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JAMA. 1996 Sep 18;276(11):875-81.

Association of small low-density lipoprotein particles with the incidence of coronary artery disease in men and women.

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  • 1Stanford Center for Research in Disease Prevention and the Department of Medicine, Stanford University School of Medicine, Calif, USA.

Abstract

OBJECTIVE:

To investigate the prospective association of low-density lipoprotein (LDL) particle diameter with the incidence of fatal and nonfatal coronary artery disease (CAD).

DESIGN:

A nested case-control study.

SETTING:

Cases and controls were identified from a population-based sample of men and women combining all of the 5 cross-sectional surveys conducted from 1979 to 1990 of the Stanford Five-City Project (FCP).

PARTICIPANTS:

Incident CAD cases were identified through FCP surveillance between 1979 and 1992. Controls were matched by sex, 5-year age groups, survey time point, ethnicity, and FCP treatment condition. The sample included 124 matched pairs: 90 pairs of men and 34 pairs of women.

MAIN OUTCOME MEASURES:

LDL peak particle diameter (LDL size) was determined by gradient gel electrophoresis on plasma samples collected during the cross-sectional surveys (stored at 70 degrees C for 5-15 years). Established CAD risk-factor data were available from FCP baseline measurements.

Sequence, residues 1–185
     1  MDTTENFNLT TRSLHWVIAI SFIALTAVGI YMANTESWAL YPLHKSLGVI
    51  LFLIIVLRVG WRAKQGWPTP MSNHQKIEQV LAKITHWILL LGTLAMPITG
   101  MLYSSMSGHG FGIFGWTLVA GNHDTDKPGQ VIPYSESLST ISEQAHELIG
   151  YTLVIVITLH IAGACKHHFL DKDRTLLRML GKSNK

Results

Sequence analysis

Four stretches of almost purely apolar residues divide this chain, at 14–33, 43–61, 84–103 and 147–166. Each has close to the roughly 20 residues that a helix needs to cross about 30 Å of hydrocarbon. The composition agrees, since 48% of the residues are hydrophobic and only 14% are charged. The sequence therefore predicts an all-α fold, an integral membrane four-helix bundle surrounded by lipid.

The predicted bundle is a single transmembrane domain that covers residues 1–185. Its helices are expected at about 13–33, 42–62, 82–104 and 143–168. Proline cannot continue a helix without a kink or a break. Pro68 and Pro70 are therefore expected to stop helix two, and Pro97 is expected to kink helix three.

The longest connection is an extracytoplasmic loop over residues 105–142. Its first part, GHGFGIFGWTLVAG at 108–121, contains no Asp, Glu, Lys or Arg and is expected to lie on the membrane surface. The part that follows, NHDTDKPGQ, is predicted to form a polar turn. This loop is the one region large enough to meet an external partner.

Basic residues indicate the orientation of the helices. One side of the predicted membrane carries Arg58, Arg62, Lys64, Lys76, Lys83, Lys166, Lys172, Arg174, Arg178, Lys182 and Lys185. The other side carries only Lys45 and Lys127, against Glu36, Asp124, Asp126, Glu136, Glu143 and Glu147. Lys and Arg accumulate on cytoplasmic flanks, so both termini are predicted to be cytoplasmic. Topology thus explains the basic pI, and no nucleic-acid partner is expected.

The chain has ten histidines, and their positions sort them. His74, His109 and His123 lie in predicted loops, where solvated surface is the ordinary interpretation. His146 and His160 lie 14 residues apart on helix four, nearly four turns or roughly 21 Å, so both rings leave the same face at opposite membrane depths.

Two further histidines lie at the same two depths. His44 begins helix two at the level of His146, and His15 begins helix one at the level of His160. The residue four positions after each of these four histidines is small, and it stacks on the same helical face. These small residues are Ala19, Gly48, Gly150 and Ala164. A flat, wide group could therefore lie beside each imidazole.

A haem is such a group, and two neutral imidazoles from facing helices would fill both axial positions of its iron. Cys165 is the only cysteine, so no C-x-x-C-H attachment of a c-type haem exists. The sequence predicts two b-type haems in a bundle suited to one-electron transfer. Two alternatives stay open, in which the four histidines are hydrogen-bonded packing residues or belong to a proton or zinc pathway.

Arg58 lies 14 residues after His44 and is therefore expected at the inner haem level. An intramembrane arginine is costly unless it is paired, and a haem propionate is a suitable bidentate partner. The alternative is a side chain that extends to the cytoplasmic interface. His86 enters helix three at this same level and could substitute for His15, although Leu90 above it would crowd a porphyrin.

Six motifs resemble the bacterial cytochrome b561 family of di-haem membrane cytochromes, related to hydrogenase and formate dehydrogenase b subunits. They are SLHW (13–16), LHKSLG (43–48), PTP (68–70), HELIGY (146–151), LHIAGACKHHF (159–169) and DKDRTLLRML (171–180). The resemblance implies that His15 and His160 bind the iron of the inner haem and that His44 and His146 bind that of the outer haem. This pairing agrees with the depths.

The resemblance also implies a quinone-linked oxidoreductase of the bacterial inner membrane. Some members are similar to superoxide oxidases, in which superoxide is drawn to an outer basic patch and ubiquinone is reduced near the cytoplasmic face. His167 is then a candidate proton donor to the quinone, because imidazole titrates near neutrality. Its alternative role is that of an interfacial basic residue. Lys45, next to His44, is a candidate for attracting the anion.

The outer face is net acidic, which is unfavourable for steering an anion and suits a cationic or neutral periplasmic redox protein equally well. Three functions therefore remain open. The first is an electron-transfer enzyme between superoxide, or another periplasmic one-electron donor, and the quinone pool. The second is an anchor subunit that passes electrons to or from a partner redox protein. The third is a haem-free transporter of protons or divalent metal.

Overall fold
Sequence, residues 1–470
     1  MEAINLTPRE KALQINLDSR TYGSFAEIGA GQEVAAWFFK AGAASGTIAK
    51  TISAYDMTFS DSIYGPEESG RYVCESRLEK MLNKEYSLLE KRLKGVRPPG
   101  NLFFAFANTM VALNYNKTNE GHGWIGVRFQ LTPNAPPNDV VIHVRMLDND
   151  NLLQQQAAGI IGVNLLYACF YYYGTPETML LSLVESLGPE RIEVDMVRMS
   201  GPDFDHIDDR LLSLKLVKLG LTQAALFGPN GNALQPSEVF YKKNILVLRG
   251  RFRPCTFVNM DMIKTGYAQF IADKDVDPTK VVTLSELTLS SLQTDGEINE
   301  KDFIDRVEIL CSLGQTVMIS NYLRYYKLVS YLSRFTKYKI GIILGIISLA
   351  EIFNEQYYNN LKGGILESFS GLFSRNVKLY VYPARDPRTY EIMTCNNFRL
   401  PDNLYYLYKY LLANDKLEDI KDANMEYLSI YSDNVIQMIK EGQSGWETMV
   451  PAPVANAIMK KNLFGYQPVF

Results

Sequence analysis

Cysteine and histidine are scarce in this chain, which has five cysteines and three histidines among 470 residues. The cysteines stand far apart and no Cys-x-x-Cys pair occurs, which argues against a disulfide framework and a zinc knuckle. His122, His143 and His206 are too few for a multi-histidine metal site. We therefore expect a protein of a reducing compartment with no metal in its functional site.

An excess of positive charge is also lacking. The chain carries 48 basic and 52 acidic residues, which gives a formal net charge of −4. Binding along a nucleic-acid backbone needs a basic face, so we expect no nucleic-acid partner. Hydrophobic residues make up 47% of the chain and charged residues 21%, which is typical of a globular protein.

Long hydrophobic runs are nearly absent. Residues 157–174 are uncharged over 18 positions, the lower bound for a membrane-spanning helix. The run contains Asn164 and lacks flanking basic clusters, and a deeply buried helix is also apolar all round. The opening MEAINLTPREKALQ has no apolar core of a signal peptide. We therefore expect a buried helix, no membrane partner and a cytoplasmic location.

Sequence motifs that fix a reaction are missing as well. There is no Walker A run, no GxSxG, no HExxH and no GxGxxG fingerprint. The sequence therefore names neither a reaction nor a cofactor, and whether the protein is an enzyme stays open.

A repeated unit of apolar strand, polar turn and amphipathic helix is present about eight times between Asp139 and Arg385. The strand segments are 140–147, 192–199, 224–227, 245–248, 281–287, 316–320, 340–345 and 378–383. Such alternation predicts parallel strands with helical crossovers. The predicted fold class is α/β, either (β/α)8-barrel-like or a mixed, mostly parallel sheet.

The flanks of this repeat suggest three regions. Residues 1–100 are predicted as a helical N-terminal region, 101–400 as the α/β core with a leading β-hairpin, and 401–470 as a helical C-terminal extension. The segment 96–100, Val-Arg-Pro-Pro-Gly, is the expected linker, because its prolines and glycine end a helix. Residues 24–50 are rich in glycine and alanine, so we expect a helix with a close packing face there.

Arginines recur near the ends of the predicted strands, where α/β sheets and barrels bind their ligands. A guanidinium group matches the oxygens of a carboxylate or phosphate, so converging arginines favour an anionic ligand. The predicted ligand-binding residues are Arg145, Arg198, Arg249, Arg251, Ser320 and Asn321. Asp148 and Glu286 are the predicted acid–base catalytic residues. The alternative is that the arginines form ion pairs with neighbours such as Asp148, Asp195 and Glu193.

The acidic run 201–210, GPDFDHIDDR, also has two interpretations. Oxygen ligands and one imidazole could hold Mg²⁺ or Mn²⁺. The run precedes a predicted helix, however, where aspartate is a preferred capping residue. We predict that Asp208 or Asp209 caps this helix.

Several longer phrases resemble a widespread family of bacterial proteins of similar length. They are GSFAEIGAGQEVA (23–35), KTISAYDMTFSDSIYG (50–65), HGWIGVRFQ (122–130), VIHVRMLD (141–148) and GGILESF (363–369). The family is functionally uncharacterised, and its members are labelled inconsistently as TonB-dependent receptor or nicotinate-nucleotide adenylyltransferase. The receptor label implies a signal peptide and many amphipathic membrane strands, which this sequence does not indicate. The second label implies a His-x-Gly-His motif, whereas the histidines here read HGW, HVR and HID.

RESULTS:

LDL size was smaller among CAD cases than controls (mean +/- SD) (26.17 +/- 1.00 nm vs 26.68 +/- 0.90 nm; P<.001). The association was graded across control quintiles of LDL size. The significant case-control difference in LDL size was independent of levels of high-density lipoprotein cholesterol (HDL-C), non-HDL cholesterol (non-HDL-C), triglyceride, smoking, systolic blood pressure, and body mass index, but was not significant after adjusting for the ratio of total cholesterol (TC) to HDL-C (TC:HDL-C). Among all the physiological risk factors, LDL size was the best differentiator of CAD status in conditional logistic regression. However, when added to the physiological parameters above, the TC:HDL-C ratio was found to be a stronger independent predictor of CAD status.

CONCLUSION:

LDL size was significantly smaller in CAD cases than in controls in a prospective, population-based study. These findings support other evidence of a role for small, dense LDL particles in the etiology of atherosclerosis.

Comment in

PMID:
8782636
[PubMed - indexed for MEDLINE]
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